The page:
I find it fascinating that labor is Paul’s chosen descriptor as he himself would not have experienced labor first hand. Maybe he heard labor stories or heard the cries of one in labor in the communities he grew up in and visited. Nonetheless, it is an imagery that I appreciate as one who has endured labor.
Labor is intense. There is a raw vulnerability that swells from the depths with great pain and intensity that can not be ignored. For me there was a piercing focus on breathing. It was only in focusing on the breath that I was able to get through the pain of one contraction after another.
Creation, subjected to the patterns of humanity has suffered as in labor. Perhaps more severe weather patterns, glaciers melting at record rates, sea level rising, the poorest living in the lowest sea levels homes being threatened, rainforests being bulldozed to erect palm trees to feed the insatiable human appetite for palm oil, droughts increasing, floods threatening are the earth's contractions. Just when one disaster is addressed another occurs.
But Paul doesn’t stop there. Not only creation, but we ourselves groan inwardly, waiting for our own redemption. The brokenness of creation, reflects our own brokenness. We experience cut off in our relationships, flooded by loneliness, bulldozed by business, surviving from one crises to another. Words become illusive. When the pain in our depths is so deep. When depression, sickness, or despair are so paralyzing. The Holy Spirit is present to intercede. Allowing our very breath to express what we cannot.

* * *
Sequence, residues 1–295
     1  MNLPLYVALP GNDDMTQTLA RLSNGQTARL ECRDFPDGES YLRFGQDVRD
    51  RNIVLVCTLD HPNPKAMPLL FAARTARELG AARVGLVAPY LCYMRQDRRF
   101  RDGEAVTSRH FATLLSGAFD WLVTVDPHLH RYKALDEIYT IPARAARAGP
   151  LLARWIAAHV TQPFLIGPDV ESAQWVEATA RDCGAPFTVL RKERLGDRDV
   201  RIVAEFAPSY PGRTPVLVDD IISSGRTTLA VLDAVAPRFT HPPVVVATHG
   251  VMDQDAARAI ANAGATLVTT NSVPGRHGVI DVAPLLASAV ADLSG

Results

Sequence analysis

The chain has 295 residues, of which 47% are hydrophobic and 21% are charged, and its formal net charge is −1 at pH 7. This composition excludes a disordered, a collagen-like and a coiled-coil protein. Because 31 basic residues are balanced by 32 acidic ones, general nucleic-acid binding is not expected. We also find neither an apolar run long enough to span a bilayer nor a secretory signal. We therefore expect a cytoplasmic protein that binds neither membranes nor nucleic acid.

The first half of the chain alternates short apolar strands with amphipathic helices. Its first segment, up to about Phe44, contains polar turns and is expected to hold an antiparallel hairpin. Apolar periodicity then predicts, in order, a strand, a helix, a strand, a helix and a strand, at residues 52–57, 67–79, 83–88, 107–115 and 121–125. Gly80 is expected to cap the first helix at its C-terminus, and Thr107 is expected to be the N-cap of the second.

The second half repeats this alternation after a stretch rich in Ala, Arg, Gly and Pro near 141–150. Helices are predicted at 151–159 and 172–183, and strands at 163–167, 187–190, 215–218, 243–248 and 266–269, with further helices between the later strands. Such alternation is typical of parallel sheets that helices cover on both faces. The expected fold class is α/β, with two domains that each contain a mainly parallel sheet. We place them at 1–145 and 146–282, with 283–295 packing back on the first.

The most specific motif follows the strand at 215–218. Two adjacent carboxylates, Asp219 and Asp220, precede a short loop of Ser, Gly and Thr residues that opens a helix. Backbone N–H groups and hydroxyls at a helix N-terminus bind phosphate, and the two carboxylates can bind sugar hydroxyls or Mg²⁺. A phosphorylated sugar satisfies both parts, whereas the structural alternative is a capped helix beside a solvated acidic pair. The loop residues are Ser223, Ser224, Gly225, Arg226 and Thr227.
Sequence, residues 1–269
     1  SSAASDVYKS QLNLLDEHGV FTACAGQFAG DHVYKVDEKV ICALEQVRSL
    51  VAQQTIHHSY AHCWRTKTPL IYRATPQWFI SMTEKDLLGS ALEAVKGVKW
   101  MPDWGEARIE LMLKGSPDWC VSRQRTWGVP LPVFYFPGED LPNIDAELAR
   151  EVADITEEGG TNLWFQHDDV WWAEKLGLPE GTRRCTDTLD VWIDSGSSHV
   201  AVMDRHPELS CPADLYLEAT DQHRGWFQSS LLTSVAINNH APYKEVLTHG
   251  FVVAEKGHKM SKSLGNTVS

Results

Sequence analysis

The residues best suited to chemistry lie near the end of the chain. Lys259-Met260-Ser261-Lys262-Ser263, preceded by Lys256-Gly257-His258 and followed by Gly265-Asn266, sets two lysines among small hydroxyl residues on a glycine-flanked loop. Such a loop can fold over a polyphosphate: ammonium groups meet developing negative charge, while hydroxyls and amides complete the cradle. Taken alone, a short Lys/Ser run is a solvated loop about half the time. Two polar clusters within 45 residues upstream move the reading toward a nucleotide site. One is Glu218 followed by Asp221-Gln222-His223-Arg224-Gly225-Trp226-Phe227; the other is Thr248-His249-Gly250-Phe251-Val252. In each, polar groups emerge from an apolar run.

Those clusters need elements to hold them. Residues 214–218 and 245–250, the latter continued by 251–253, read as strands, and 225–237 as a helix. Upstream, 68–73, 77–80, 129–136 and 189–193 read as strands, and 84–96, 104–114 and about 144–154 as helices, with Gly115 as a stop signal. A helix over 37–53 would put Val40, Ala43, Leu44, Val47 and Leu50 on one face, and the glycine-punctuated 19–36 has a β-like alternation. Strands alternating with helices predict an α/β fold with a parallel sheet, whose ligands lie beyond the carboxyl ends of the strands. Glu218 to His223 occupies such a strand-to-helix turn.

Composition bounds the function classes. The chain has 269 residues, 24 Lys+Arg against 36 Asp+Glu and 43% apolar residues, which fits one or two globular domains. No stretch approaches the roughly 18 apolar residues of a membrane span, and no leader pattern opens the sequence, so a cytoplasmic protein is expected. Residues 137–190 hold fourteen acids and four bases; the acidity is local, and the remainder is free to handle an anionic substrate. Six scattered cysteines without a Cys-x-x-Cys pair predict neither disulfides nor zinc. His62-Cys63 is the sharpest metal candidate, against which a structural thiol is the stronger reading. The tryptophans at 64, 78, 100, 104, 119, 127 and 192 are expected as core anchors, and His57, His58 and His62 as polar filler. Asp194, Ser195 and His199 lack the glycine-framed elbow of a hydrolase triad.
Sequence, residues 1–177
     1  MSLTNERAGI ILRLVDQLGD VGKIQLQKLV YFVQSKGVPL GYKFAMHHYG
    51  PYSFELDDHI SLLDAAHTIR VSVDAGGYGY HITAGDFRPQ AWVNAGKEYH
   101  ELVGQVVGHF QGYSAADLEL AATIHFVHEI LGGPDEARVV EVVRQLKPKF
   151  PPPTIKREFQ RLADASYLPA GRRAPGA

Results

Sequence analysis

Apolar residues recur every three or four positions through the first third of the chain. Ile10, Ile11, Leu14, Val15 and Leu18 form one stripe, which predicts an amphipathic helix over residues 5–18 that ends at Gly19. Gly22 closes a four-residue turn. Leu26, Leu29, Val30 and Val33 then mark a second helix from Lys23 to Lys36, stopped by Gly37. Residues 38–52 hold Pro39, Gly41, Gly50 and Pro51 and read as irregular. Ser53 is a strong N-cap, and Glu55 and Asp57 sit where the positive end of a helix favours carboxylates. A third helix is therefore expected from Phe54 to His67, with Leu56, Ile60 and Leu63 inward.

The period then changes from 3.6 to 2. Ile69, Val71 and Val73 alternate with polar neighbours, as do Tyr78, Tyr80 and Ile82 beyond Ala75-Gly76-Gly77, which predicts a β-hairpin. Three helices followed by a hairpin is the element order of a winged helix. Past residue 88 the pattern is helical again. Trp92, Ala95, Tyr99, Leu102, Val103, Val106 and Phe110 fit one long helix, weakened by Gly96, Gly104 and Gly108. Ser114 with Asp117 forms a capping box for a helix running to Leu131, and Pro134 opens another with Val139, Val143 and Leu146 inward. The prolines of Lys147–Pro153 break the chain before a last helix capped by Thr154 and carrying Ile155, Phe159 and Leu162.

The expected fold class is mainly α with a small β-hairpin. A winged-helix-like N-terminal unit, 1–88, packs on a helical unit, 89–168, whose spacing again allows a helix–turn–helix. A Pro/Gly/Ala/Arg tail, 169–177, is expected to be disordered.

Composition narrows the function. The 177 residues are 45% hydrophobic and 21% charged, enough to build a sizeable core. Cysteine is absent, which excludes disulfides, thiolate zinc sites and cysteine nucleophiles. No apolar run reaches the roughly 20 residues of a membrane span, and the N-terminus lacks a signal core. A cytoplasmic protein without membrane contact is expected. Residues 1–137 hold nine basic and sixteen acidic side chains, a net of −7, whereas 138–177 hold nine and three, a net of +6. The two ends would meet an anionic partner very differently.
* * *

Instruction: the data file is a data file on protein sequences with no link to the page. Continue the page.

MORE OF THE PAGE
Our very breath.
What a gift. Our very breath carries what we cannot express to God! Breathe that in with me friends.
We are tempted to allow the demands of life take hold of our very breath, keeping us running this way and that, breathing shallowly and quickly to keep up with ourselves and others. When we stop and breathe deeply and slowly we live into a different invitation, one of the Spirit. The same Spirit that is present with the labor pains of creation is present with us, connecting all that is living.
There are more and more studies that show how time spent outdoors lowers heart rate, releases tension, reduces stress and cortisol levels. We have a symbiotic relationship with creation. We take in oxygen and release carbon dioxide. The trees and green leafy plants take in carbon dioxide and release oxygen. We experience its beauty. We soak in the sunshine. We absorb the nourishing rains. We need each other. We share in the blessings and in the groans too deep for words.
Paul seems to communicate that humanity is a part of setting creation free. As we make courageous choices to care for creation, we in turn are cared for. Not only creation, but also our siblings in some of the most vulnerable places in the world, like the slums where Jugo and Grace live in Jakarta where the sea level rise threatens their communities existence. When we act individually and communally at curbing our carbon footprint, live sustainably, perhaps even giving up something, we are caring for their humanity, as they are restored, we are restored.